Japanese American Issei Pioneer Museum
In Honor of the Struggle and Sacrifice of First Generation Japanese in America


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03 - Sleepless Night in Seattle - Ryusuke Kawai

Sleepless Night in Seattle - Ryusuke Kawai - Jun. 2012

After about 40 minutes of ferry riding from Seattle crossing a smooth inland sea, I arrived at Bainbridge Island. Mr. Yoshiaki Takemura was waiting for me and he took me to places of historical significance to the Nikkei, and then to his private museum where he houses items associated with Issei immigrants.

Takemura-san arrived in the US in 1956 as a Nishi Honganji overseas missionary and has associated primarily with immigrants from Japan and other Nikkei in California, Oregon and Washington. His residence that stands on the high bank water front is facing west; the direction to Japan. The surroundings are so quiet that you only hear birds twittering /chirping.

Among the many items, “Nihon Teikoku Kaigai Ryoken” (Imperial Japan Oversea Passport), which was issued to Japanese immigrants during the Meiji and Taisho eras, caught my eyes. They were all original. Two of those were from a couple, and judging from the issue dates, the husband came to America first and wife came some time after. I was able to tell that their marriage was Shashin Kekkon (Picture Marriage) because “Photo Marriage” was stamped in English on the back of these passports. This is a type of marriage often used amongst Japanese immigrants. Since they decided their better half just by the photos, there were very unhappy cases where the photos were unfortunately quite different from reality.

Imagine going to a foreign county by oneself… What were those girls thinking when they chose or had to accept marriage with men they had never met? Maybe, most of them had no choice but to accept the destiny presented to them in order to survive. Moreover, they might not be able to escape the situation when they really wanted to end their marriages.

However, the family and livelihood built upon these difficulties are the foundation of the present Nikkei Americans. By some reports, present Nikkei Americans are some of the most fortunate groups of people you can find. In bygone days, these photo marriages were considered inhumane and criticized by some. Criticism is not unnatural. By all means, if you yourself can examine and choose your own partner, not by the family situation, that would be ideal. But, as the divorce rates in Japan and in the U.S. show, the results from free choice are not necessarily the more favorable ones. It is hinikunamono that sometimes the result from the effort exerted under the huge restriction is superior to the one by free choice. On the second day after leaving Japan, as I had difficulty sleeping at the hotel in Seattle due to the time difference, I began to think about those things because I encountered the fact of photo marriage. (June 19, 2012)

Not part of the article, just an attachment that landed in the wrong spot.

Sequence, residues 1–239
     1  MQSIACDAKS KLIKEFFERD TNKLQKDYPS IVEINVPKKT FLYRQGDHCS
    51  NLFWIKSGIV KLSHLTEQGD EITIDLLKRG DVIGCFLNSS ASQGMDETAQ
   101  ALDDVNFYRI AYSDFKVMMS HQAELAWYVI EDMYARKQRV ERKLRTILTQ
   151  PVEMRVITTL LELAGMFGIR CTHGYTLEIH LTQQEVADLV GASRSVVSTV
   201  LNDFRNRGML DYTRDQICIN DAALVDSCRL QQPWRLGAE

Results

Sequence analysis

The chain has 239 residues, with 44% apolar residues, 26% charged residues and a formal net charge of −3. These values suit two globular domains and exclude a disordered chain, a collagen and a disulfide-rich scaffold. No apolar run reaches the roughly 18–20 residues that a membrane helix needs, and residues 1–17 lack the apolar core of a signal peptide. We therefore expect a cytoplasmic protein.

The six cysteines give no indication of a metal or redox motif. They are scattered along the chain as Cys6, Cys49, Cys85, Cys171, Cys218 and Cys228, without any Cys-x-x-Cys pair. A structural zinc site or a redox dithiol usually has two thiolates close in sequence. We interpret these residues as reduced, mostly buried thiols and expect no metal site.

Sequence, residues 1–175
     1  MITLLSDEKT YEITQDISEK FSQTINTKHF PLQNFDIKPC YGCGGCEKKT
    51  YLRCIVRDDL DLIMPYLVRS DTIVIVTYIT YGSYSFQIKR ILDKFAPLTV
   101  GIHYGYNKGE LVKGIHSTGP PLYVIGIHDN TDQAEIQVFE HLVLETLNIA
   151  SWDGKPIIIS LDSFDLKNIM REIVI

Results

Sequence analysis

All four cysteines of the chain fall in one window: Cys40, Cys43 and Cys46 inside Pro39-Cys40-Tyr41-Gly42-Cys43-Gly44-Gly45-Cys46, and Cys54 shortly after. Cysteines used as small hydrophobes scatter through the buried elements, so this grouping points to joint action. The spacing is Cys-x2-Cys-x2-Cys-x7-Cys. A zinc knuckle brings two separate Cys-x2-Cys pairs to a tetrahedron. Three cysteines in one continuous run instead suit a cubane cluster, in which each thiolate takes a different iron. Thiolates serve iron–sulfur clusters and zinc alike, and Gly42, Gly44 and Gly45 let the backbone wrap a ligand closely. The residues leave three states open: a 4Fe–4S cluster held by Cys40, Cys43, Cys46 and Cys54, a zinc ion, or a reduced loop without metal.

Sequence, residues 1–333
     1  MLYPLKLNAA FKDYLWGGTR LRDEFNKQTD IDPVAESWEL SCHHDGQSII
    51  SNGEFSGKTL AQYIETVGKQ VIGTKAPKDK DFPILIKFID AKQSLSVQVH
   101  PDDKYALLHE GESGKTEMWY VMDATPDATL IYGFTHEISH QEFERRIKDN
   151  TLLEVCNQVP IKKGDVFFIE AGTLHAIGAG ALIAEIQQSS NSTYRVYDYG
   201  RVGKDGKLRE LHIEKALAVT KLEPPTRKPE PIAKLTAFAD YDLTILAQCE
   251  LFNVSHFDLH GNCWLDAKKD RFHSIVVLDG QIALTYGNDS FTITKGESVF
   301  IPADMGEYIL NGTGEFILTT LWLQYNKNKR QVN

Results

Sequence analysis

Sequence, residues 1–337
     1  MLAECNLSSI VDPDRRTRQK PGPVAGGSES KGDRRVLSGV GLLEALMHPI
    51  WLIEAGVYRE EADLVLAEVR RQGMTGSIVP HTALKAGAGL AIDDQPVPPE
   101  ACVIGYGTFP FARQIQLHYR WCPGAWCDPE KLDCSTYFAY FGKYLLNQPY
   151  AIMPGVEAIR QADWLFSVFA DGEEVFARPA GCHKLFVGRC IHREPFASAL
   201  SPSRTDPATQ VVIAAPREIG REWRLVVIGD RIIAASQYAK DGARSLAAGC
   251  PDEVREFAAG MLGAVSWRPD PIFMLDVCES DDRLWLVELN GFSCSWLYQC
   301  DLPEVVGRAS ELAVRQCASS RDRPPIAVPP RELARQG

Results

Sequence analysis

Ryusuke Kawai 川井龍介

Born in Kanagawa-ken, Graduated from Keio University,

Non fiction free-lance journalist June 2012

Translated from original Japanese below:


写真結婚とシアトルの眠れぬ夜      川井龍介


シアトルからフェリーで40 分ほど、穏やかな内海を走りベインブリッジアイランド(Bainbridge Island )に到着する。出迎えてくれた竹村義明さんの車に乗って、日系人ゆかりの地を案内してもらい、その後、彼が集めた日系移民一世などに関する私設の資料館を見せてもらった。

竹村さんは1956 年に西本願寺が海外に布教のために送った「開教使」として渡米、カリフォルニア、オレゴン、ワシントンなどで、主に日本から移民した人たちや日系人と関わってきた。水辺に建つ高台の自宅は、西を向 き、その遥か向こうは日本へとつづくという。周囲からは鳥のさえずる声くらいしか聞こえない。

さまざまな資料の中に明治、大正時代に渡米してきた日本人が携えていた「日本帝国海外旅券」があった。当時のパスポートである。2 枚のパスポートはある夫婦のものであり、その発行の日付から、最初に夫が渡米し、つづいて妻が渡米したことを物語っていた。そして、この二人が写真結婚であることが裏面に記載された「Photo Marriage 」という英語からわかった。当時、日本人移民のなかでしばしば行われていた結婚の形である。互いに相手の写真だけを見て結婚を決めていたが、中には実際とはずいぶんと違った写真を見せられ困惑した例もあったようだ。


しかし、そうした苦労の上に築かれた家族と生活が今日の日系アメリカ人の土台になっている。ある調査によれば、アメリカの日系人は現在もっとも恵まれた状況にあるという。当時アメリカでは、この写真結婚が非人間的だと批判されたことがある。当然だろう。できれば実際に相手を確かめて、そして家庭の事情などではなくて自由意志で結婚するのがいいのに決まっている。しかし、自由に選択した結果が必ずしもうまくいかないことは、日本でもアメリカでも現代の離婚事情が示している。大きな制約のなかで強いられる努力の結果が、ときに自由な意思に基づく行為の結果より勝っていたことがあるのは皮肉なものだ。まだ日本を発って2 日目の夜中、時差ぼけで眠れぬシアトルのホテルで、写真結婚の事実から、そんなことに思い至った。(2012 年6 月19 日)

著者 川井龍介、神奈川県生れ、慶応義塾大学卒、毎日新聞記者、日経ビジネス編集部を経て 現在はノンフィクション中心のフリーランス ジャーナリスト June 2012


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